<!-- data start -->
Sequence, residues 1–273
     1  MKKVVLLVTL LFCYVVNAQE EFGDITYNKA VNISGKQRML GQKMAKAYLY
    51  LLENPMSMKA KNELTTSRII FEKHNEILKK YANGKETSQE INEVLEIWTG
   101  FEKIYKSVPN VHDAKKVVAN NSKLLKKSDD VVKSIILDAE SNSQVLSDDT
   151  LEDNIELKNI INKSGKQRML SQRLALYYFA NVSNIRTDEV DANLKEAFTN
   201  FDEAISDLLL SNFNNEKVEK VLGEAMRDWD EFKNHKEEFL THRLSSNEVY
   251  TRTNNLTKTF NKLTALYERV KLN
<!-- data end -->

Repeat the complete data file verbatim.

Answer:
Sequence, residues 1–273
     1  MKKVVLLVTL LFCYVVNAQE EFGDITYNKA VNISGKQRML GQKMAKAYLY
    51  LLENPMSMKA KNELTTSRII FEKHNEILKK YANGKETSQE INEVLEIWTG
   101  FEKIYKSVPN VHDAKKVVAN NSKLLKKSDD VVKSIILDAE SNSQVLSDDT
   151  LEDNIELKNI INKSGKQRML SQRLALYYFA NVSNIRTDEV DANLKEAFTN
   201  FDEAISDLLL SNFNNEKVEK VLGEAMRDWD EFKNHKEEFL THRLSSNEVY
   251  TRTNNLTKTF NKLTALYERV KLN